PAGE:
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Flags of our Fathers (2006)

Flags of Our Fathers (original title)
The life stories of the six men who raised the flag at the Battle of Iwo Jima, a turning point in World War II.

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(screenplay), (screenplay) | 2 more credits »
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Nominated for 2 Oscars. Another 15 wins & 24 nominations. See more awards »

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Cast

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Storyline

In 1945, the Marines attack twelve thousand Japaneses protecting the twenty square kilometers of the sacred Iwo Jima island in a very violent battle. When they reach the Mount Suribachi and six Marines raise their flag on the top, the picture becomes a symbol in a post Great Depression America. The government brings the three survivors to America to raise funds for war, bringing hope to desolate people, and making the three men heroes of the war. However, the traumatized trio has difficulty dealing with the image built by their superiors, sharing the heroism with their mates. Written by Claudio Carvalho, Rio de Janeiro, Brazil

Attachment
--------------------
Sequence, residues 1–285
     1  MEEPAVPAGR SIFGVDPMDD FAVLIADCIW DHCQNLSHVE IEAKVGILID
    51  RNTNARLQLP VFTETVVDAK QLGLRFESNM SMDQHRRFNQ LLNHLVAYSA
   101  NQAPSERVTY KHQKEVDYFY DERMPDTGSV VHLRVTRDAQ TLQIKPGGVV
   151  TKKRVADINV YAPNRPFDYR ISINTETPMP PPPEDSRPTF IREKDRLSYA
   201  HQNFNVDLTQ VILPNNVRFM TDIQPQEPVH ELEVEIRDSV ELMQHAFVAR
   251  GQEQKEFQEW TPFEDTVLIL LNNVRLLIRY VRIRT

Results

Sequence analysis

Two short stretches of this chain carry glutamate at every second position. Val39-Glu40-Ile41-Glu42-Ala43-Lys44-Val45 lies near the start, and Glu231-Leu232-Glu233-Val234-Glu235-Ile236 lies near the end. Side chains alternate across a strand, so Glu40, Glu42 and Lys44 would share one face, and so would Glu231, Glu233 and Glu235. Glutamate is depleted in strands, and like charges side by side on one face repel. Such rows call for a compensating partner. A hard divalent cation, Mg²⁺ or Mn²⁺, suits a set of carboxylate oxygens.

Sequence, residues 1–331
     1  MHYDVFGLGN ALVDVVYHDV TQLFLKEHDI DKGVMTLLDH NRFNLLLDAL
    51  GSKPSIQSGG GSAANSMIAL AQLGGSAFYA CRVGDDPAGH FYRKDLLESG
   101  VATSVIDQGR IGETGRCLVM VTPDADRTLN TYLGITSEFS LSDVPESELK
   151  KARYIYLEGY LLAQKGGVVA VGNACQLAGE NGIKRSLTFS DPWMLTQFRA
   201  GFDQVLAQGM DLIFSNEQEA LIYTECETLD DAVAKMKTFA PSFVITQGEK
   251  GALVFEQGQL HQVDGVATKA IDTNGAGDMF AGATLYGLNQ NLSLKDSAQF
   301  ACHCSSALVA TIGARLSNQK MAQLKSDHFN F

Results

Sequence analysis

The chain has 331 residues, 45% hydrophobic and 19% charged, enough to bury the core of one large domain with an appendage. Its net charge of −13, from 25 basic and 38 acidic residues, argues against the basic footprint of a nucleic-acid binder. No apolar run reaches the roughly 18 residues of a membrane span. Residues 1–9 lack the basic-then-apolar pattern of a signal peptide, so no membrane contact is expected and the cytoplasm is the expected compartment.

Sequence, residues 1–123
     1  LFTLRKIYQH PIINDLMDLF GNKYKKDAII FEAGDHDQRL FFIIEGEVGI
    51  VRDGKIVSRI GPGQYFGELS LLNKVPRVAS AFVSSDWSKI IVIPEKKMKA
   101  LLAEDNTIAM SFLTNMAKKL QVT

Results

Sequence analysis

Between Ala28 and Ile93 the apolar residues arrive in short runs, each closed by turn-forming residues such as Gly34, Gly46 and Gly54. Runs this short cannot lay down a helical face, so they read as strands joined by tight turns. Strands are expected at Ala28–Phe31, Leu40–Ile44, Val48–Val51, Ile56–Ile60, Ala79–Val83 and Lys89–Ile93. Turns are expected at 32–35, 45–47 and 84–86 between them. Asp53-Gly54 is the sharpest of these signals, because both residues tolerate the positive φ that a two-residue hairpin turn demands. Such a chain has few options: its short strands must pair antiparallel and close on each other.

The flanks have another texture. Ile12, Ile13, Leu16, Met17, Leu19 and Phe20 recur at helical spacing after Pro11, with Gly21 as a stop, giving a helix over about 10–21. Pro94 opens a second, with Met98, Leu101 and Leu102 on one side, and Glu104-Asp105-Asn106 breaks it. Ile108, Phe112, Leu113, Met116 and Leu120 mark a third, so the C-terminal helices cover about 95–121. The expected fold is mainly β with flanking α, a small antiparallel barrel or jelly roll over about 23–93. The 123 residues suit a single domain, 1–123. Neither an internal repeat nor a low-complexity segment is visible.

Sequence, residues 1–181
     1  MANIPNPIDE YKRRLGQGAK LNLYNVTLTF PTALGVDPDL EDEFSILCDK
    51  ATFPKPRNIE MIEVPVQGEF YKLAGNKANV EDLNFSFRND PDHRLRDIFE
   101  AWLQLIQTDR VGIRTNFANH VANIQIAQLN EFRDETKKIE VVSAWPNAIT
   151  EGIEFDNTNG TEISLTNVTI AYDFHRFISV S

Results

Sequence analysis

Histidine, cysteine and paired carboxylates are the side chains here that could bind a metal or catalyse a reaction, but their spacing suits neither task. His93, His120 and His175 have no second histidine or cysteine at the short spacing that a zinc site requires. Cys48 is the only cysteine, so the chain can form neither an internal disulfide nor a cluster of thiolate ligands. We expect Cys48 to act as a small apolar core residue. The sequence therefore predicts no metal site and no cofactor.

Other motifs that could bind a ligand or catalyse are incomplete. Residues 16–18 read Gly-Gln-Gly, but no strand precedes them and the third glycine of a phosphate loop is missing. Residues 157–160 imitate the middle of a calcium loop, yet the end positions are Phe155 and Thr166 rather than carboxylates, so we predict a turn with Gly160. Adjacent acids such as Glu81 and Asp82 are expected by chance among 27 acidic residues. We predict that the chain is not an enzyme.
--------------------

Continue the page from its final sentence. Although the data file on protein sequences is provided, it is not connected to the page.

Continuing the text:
Plot Summary | Plot Synopsis

Taglines:

A Single Shot Can End The War See more »

Genres:

Drama | History | War

Motion Picture Rating (MPAA)

Rated R for sequences of graphic war violence and carnage, and for language | See all certifications »

Parents Guide:

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Details

Country:

Language:

Release Date:

20 October 2006 (USA)  »

Also Known As:

Flags of our Fathers  »

Box Office

Budget:

$90,000,000 (estimated)

Opening Weekend:

$10,245,190 (USA) (22 October 2006)

Gross:

$33,602,376 (USA)
 »

Company Credits

Show detailed on  »

Technical Specs

Runtime:

Sound Mix:

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Color:

(Technicolor)

Aspect Ratio:

2.35 : 1
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Did You Know?